Today, John McCain did the full Cheney. In his speech at the Virginia Military Institute in which he laid out his extensive support for the war in Iraq, the Arizona senator matched the vice president's scorn for his political opponents. McCain said Democrats who oppose the president's plans for Iraq are not just wrong on the facts but are seeking "advantage in the next election" and "the temporary favor of the latest public opinion poll."
A lot of people have written about McCain's visit to Liberty University after calling Jerry Falwell an "agent of intolerance" as the ultimate act of sucking up to his party's conservative base. Yes, but that was a single visit. McCain has hardly become a flamboyant panderer on abortion, gay marriage, or stem-cell research. With today's speech, however, McCain can no longer be said to be holding much red meat for the right in reserve.
What's new here is obviously not McCain's unhedged support for the war. He's talked about that at length. What makes this speech different is the full-force, no-caveats attack on his opponents. It went beyond attacking policy inconsistencies—such as the fact that Democrats voted to confirm Gen. David Petraeus as Iraqi commander but against his plan for action—or raising questions about how opponents of the war would deal with the chaos following an American withdrawal. It repeatedly questioned not just their views but their motives, ending with a moving story about a heroic Navy SEAL officer whose bravery McCain juxtaposes with those seeking "temporary political advantage."
Seventy-five percent of Republicans still support Bush on the war. They also like to see their party fighting back. (That's why Bush picked the fight with Democrats by handing a recess appointment of Swiftboat Veterans backer Sam Fox.) The question the McCain camp wants Republican voters asking is whether Mitt Romney or even dream candidate Fred Thompson has the personal experience or military background to win the war while simultaneously whomping on Democratic opponents.
Will Republicans buy the aggressive posture? They distrust McCain in part because Democrats have often said he's their favorite Republican. But it's certainly easier for McCain to win them over on the war than it would be on social issues, the way Romney is trying to do. McCain has the advantage of believing what he is saying on this subject quite passionately. He does believe in the surge, and in Gen. Petraeus, and in doing what it takes to win the war, even if it means sending a lot more troops. Lest there be any doubt about his sincerity, McCain's son Jimmy is about to be deployed as a Marine.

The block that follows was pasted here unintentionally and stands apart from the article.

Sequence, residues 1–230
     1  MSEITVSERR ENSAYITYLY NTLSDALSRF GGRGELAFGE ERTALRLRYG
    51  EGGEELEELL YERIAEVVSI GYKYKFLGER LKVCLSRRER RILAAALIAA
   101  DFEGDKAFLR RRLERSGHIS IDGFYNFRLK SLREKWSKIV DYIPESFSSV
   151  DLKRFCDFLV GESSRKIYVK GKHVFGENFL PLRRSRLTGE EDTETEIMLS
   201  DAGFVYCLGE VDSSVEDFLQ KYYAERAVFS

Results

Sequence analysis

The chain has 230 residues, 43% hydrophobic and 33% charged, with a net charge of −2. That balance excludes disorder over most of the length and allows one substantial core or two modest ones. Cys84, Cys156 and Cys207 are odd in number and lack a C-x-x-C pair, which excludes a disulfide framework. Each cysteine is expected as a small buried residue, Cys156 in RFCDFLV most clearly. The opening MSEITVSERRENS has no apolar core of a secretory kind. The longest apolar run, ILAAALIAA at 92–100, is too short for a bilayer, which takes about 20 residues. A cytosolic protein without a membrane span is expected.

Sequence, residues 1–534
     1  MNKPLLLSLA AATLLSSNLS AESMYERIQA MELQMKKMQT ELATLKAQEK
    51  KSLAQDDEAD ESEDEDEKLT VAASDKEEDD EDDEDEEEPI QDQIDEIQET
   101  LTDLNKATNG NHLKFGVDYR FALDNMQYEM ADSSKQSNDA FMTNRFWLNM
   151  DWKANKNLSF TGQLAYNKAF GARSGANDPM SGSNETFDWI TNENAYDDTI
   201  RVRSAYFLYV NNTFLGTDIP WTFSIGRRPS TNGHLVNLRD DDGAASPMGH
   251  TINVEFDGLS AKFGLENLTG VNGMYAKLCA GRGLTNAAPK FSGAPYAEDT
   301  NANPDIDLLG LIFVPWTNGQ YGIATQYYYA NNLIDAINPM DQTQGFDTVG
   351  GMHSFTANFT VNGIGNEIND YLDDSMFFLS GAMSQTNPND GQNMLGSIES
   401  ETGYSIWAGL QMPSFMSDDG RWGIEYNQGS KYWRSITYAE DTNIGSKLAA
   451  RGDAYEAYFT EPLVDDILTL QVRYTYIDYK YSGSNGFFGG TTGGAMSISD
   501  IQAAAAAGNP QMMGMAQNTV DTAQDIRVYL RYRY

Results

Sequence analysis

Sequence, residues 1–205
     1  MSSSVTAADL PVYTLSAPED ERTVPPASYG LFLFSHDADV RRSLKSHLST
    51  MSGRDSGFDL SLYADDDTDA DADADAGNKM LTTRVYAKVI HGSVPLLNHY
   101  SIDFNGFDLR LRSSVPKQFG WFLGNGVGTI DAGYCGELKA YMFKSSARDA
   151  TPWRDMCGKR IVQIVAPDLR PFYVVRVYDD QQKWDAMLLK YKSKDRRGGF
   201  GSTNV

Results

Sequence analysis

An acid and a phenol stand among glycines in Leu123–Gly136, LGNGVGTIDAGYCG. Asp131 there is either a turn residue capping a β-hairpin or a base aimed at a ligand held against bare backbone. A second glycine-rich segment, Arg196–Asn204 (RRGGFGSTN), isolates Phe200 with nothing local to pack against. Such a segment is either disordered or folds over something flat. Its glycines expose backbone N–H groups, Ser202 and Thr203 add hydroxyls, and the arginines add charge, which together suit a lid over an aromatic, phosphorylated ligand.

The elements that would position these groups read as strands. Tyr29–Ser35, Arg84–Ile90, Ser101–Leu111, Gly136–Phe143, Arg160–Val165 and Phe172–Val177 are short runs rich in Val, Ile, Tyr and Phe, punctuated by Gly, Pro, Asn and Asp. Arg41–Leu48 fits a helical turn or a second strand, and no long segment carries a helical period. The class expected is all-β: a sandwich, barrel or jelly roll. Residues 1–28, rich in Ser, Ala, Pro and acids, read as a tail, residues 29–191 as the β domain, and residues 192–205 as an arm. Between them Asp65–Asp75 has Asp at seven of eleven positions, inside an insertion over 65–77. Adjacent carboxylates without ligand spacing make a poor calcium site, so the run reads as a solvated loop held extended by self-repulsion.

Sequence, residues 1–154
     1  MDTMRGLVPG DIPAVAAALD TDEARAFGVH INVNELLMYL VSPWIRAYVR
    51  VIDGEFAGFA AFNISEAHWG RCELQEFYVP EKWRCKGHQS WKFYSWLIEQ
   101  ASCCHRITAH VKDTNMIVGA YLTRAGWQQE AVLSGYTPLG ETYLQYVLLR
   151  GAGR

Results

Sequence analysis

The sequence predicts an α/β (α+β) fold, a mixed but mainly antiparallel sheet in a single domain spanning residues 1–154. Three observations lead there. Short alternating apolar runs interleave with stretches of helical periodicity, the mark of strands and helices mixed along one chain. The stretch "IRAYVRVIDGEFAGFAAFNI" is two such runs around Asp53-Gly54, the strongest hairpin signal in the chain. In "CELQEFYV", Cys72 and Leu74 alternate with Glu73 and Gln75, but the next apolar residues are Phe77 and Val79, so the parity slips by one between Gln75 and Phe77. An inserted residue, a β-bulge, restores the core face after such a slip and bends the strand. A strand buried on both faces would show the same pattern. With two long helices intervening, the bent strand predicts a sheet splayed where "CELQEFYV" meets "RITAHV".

Throughout the speech, McCain is judicious about his military assessments. Though there are signs of progress, victory is not certain, he says. If victory is ever achieved, it will be bloody and costly. He knows, he says, the cost of listening to politicians and military leaders who are too optimistic. He even recites the wildly rosy predictions made by Donald Rumsfeld and Dick Cheney to prove that, despite his view that the surge is working, he's not delusional.
When it comes to talking about his political opponents, though, there are no caveats. Even President Bush, not a man known for seeing the world in shades of gray, regularly throws a line into his Iraq speeches to the effect that while he disagrees with Democrats and their policies, he doesn't question their motivations. McCain not only questions, he draws a conclusion. Democrats are motivated not by their beliefs and judgment but by sheer, cynical politics. (This goes further than Cheney, who explained to Rush Limbaugh about Democrats: "I don't want to question everybody's motives.")
This choice has costs. McCain has said he'd rather win the war than the election, and his supporters argue that he's trying to wake people up about the situation the country is in. But politicizing the issue so blatantly is likely to polarize the debate further and make McCain's task of selling a bigger commitment in Iraq even harder. By giving Democrats the finger, he helps them consolidate not just their anti-war base but everyone who doesn't see the issue of America's disastrous occupation of Iraq as a battle between the righteous and the grasping.
In New Hampshire and Michigan, independent voters can cast ballots in the Republican primary, and in 2000, they helped McCain win in both places. But independents don't like the war or the troop surge, and these days they have strong negative feelings about the Republican Party. They also tend to balk at talk that seems excessively political. McCain truly may care more about winning the war than winning the election. But at the moment, he looks poised to lose both.